Voyager 1 is the farthest space probe and human-made object from Earth, which launched on September 5, 1977, and is headed for interstellar space, having operated for 41 years, 10 months and 18 days as of July 23, 2019. The picture below was captured on February 14, 1990, by Voyager 1, as the spacecraft left our planetary neighborhood for the vastness of the solar system, engineers turned it around for one last look at its home planet.
Carl Sagan, a renowned American cosmologist and astrophysicist wrote about this “Dot” in his book, “Pale Blue Dot: A Vision of the Human Future in Space”.
“Look again at that dot. That’s here. That’s home. That’s us. On it everyone you love, everyone you know, everyone you ever heard of, every human being who ever was, lived out their lives. The aggregate of our joy and suffering, thousands of confident religions, ideologies, and economic doctrines, every hunter and forager, every hero and coward, every creator and destroyer of civilization, every king and peasant, every young couple in love, every mother and father, hopeful child, inventor and explorer, every teacher of morals, every corrupt politician, every “superstar,” every “supreme leader,” every saint and sinner in the history of our species lived there-on a mote of dust suspended in a sunbeam.
The Earth is a very small stage in a vast cosmic arena. Think of the endless cruelties visited by the inhabitants of one corner of this pixel on the scarcely distinguishable inhabitants of some other corner, how frequent their misunderstandings, how eager they are to kill one another, how fervent their hatreds. Think of the rivers of blood spilled by all those generals and emperors so that, in glory and triumph, they could become the momentary masters of a fraction of a dot.
Our posturings, our imagined self-importance, the delusion that we have some privileged position in the Universe, are challenged by this point of pale light. Our planet is a lonely speck in the great enveloping cosmic dark. In our obscurity, in all this vastness, there is no hint that help will come from elsewhere to save us from ourselves.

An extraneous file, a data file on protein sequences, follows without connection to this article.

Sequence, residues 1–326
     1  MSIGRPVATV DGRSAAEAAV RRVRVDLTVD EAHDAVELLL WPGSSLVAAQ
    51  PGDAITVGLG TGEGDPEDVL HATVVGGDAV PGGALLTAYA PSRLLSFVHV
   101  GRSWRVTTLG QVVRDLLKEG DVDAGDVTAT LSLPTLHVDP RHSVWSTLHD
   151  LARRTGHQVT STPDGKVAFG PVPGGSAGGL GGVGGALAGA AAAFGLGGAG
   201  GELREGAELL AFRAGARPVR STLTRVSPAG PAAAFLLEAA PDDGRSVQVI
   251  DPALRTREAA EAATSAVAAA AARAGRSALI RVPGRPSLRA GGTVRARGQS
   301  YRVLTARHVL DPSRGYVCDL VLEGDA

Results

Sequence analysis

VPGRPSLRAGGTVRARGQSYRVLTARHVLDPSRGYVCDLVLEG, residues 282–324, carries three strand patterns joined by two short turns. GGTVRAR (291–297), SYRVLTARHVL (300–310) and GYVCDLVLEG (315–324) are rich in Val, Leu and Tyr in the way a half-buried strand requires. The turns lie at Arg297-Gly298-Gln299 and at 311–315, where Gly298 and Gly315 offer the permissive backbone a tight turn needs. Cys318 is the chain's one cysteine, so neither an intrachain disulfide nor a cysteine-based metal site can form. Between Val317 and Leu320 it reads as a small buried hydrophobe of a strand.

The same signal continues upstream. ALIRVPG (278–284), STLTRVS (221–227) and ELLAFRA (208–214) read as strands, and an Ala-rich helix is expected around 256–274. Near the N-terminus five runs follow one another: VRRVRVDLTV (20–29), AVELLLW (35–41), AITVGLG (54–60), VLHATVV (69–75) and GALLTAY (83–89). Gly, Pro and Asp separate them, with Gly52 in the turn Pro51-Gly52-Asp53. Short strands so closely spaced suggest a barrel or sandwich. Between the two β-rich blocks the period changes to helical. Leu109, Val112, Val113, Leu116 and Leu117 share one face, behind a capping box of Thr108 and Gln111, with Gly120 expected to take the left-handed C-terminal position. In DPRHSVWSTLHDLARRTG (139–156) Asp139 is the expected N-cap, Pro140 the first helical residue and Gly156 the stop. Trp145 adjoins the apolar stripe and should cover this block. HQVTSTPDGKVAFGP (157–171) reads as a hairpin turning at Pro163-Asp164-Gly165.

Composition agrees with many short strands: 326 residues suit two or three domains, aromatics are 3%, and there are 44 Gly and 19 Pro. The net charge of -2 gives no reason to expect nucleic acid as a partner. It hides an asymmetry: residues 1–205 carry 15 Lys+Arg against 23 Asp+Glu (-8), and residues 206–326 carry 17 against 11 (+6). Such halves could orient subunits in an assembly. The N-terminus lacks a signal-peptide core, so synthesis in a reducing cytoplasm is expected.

The Earth is the only world known so far to harbor life. There is nowhere else, at least in the near future, to which our species could migrate. Visit, yes. Settle, not yet. Like it or not, for the moment the Earth is where we make our stand.
It has been said that astronomy is a humbling and character-building experience. There is perhaps a no better demonstration of the folly of human conceits than this distant image of our tiny world. To me, it underscores our responsibility to deal more kindly with one another, and to preserve and cherish the pale blue dot, the only home we’ve ever known.”
Voyager 1 is dropping power supply, which means it will stop transmission by 2025 (approx.) and there will be no data flow back from that distant location.
There is a set of two phonograph records called Voyager Golden Records, that were included onboard of both Voyager 1 and Voyager 2 space probes. The records contain sounds and images selected to portray the diversity of life and culture on Earth and are intended to reveal a sign of 1970s life on planet Earth for any intelligent extraterrestrial life there in space, or for future humans, who may find them. The records are a sort of time capsule.
Carl Sagan believed and said that “The spacecraft will be encountered and the record played only if there are advanced space-faring civilizations in interstellar space, but the launching of this ‘bottle’ into the cosmic ‘ocean’ says something very hopeful about life on this planet.”
PS: If you want to check the live status of Voyager 1 and Voyager 2. Open this Link: https://voyager.jpl.nasa.gov